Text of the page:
The east sidewalk along Flatbush Avenue would be set back between Dean Street and Atlantic Avenue to provide for a 10-foot-wide lay-by lane along the east curb to accommodate pick-up/drop-off and loading/unloading activity adjacent to the arena. This segment of Flatbush Avenue would operate with three travel lanes and the lay-by lane in the northbound direction, and two travel lanes and a curb lane in the southbound direction.
From the Technical Memorandum

The June 2009 Technical Memorandum states:
As described in the FEIS (and as shown in Figure 4), it was proposed that the east sidewalk along northbound Flatbush Avenue on the arena block would be set back between Dean Street and Atlantic Avenue to provide for a 10-foot-wide lay-by lane along the east curb to accommodate pick-up/drop-off and loading/unloading activity adjacent to the arena. The Flatbush Avenue lay-by lane described in the FEIS had two lay-by sections: a northern section just south of Atlantic Avenue that included a bus stop and approximately eight parking spaces, and a southern section just north of Dean Street with approximately six parking spaces. Construction of these two lay-by sections would require the relocation and reconstruction of a series of existing subway vents along Flatbush Avenue between Dean Street and Atlantic Avenue. Due to the complexity in relocating these vents, a modified design for the lay-by lane entails the relocation of a smaller portion of the existing subway vents. As shown in Figure 5, the lay-by lane just south of Atlantic Avenue would remain unchanged, however, there would be no lay-by lane created along northbound Flatbush Avenue between 5th Avenue and Dean Street. The lay-by lanes on the other three sides of the arena block would not change.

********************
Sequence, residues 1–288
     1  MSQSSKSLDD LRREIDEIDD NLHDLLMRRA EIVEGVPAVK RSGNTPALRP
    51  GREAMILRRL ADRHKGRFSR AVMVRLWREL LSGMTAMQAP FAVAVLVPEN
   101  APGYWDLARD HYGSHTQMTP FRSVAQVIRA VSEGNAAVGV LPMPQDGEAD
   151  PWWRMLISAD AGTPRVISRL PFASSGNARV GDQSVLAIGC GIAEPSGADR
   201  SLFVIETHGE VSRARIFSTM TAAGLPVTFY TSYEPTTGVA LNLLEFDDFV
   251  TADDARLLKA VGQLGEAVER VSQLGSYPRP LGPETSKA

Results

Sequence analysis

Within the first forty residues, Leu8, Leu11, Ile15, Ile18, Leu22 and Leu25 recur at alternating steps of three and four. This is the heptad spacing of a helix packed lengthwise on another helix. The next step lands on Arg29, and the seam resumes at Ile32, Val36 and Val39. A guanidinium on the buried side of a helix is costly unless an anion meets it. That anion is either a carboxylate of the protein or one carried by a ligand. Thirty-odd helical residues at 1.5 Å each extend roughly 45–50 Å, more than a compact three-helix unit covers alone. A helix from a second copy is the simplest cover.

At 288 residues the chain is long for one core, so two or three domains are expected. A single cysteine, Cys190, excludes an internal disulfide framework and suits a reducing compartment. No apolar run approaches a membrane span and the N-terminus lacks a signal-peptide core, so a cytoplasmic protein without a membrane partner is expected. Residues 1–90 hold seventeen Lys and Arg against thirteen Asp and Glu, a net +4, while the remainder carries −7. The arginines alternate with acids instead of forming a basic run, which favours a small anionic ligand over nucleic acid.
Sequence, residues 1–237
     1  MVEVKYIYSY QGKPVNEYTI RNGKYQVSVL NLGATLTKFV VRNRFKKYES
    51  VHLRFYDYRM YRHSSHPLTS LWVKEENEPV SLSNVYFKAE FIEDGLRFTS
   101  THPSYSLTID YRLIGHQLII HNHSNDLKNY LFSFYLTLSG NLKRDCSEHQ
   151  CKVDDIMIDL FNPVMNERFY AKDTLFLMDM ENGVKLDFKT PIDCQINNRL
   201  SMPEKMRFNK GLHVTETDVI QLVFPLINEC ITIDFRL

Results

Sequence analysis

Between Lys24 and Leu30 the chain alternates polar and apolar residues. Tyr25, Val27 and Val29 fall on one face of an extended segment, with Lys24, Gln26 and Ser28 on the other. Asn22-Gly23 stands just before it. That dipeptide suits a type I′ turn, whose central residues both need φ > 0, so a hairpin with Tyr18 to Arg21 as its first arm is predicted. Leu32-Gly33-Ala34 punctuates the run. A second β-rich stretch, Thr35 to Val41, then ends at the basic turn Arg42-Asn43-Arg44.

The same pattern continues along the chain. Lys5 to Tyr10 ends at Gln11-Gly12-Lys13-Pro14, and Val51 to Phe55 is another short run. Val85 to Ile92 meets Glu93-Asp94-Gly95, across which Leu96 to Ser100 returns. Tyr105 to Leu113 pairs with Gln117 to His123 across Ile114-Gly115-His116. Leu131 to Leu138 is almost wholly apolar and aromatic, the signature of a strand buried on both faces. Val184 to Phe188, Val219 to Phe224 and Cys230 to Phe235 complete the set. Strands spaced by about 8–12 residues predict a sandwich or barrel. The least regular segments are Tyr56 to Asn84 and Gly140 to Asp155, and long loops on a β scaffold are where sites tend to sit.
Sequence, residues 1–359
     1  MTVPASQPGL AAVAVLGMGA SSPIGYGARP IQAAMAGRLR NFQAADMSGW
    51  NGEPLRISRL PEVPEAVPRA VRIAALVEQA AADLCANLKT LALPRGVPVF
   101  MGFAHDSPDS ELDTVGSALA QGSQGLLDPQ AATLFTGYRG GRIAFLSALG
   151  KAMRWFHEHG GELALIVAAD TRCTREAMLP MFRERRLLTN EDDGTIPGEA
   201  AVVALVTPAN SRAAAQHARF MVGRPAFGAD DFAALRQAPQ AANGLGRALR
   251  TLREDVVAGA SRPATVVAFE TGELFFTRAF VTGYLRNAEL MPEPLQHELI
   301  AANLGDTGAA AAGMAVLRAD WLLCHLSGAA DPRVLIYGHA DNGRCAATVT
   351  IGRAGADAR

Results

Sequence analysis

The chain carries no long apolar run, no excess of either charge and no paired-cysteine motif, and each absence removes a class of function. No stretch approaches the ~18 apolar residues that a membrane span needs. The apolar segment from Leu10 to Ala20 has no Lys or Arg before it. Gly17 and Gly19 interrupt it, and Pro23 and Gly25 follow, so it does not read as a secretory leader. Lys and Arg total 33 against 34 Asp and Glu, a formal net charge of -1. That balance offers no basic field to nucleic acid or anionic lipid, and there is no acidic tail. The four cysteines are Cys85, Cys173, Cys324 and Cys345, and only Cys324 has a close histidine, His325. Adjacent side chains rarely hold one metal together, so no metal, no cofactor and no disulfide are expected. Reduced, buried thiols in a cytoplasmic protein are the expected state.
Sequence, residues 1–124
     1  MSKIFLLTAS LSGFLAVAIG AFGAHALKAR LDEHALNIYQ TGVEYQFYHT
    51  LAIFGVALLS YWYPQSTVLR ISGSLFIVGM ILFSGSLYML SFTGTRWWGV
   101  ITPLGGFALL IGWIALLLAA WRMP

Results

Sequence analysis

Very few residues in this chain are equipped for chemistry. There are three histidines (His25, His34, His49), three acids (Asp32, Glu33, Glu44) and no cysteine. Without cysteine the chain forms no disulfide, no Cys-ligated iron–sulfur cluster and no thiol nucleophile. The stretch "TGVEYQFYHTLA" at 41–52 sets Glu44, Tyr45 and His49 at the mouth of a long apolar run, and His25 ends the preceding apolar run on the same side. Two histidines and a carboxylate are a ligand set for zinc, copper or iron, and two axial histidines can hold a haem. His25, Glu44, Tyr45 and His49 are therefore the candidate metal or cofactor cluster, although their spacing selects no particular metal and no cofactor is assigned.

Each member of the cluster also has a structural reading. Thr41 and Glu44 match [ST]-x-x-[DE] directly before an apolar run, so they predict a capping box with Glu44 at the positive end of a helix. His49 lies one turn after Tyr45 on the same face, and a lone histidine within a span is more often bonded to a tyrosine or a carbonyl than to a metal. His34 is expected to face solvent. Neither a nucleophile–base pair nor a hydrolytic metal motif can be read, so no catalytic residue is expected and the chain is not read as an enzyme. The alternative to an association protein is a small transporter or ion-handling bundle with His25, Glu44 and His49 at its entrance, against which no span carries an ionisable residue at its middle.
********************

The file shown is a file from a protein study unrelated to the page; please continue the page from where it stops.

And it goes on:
It also states:
Change in Lay-by Lane Configuration on Flatbush Avenue
Under the plan for the arena block described in the FEIS (as shown in Figure 4), the east sidewalk along northbound Flatbush Avenue would be set back between Dean Street and Atlantic Avenue to provide for a 10-foot-wide lay-by lane along the east curb to accommodate pick-up/drop-off and loading/unloading activity adjacent to the arena. This segment of Flatbush Avenue would operate with three travel lanes and the lay-by lane in the northbound direction, and two travel lanes and a curb lane in the southbound direction.

The FEIS assumed approximately 61 vehicle spaces of lay-by lane capacity on the arena block under the plan assessed in the FEIS. This included approximately 14 spaces along the east side of Flatbush Avenue—8 to the north of 5th Avenue and 6 to the south; 7 spaces along Dean Street; 6 spaces along 6th Avenue; and 34 spaces along Atlantic Avenue. These estimates assumed 22 feet per space, and exclude the curbside space within the Flatbush Avenue/Pacific Street intersection that would be newly signalized and reconfigured with a new crosswalk under the traffic mitigation plan as outlined in the FEIS (see Figure 19-1 in the FEIS). Also excluded is 150 feet of curb length along Flatbush Avenue north of 5th Avenue assumed to be occupied by a bus stop for northbound B41 and B67 buses, as well as the northbound B63 that would be re- routed to operate along Flatbush Avenue between 5th and Atlantic Avenues.

In addition to taxis, black cars, and buses serving remote parking garages and ‘park & ride’ lots on Staten Island during Nets games, the FEIS assumed that pick-up and drop-off activity by commuter vans serving the new subway entrance on the project site would also be accommodated in the lay-by lanes proposed along both Atlantic and Flatbush Avenues.